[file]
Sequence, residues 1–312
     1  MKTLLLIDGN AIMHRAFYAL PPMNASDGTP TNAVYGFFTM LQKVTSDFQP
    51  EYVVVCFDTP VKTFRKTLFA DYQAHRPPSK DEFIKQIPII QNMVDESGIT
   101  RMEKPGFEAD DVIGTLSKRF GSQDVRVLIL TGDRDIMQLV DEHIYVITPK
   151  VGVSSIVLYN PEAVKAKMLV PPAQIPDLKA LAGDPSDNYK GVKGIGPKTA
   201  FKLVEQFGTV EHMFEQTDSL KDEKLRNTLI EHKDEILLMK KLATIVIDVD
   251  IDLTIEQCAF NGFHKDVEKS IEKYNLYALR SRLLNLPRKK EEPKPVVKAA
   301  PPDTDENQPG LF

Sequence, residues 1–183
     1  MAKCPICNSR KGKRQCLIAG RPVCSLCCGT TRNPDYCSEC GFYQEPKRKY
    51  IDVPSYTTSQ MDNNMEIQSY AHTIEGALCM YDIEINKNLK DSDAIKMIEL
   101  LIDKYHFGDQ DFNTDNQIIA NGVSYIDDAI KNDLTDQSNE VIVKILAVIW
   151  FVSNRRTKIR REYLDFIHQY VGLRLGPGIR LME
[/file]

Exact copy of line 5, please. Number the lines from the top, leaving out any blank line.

   151  VGVSSIVLYN PEAVKAKMLV PPAQIPDLKA LAGDPSDNYK GVKGIGPKTA